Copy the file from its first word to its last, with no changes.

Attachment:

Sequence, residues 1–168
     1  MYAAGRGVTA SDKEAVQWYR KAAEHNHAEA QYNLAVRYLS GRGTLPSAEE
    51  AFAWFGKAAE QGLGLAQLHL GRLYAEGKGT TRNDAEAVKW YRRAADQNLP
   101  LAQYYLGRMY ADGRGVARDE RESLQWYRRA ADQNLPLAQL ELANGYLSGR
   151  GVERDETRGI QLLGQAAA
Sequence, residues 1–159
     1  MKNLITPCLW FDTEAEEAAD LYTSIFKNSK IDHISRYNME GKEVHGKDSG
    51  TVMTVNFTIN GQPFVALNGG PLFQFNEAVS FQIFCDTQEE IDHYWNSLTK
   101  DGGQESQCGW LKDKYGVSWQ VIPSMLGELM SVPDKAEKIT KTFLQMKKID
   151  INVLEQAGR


Sequence, residues 1–168
     1  MYAAGRGVTA SDKEAVQWYR KAAEHNHAEA QYNLAVRYLS GRGTLPSAEE
    51  AFAWFGKAAE QGLGLAQLHL GRLYAEGKGT TRNDAEAVKW YRRAADQNLP
   101  LAQYYLGRMY ADGRGVARDE RESLQWYRRA ADQNLPLAQL ELANGYLSGR
   151  GVERDETRGI QLLGQAAA
Sequence, residues 1–159
     1  MKNLITPCLW FDTEAEEAAD LYTSIFKNSK IDHISRYNME GKEVHGKDSG
    51  TVMTVNFTIN GQPFVALNGG PLFQFNEAVS FQIFCDTQEE IDHYWNSLTK
   101  DGGQESQCGW LKDKYGVSWQ VIPSMLGELM SVPDKAEKIT KTFLQMKKID
   151  INVLEQAGR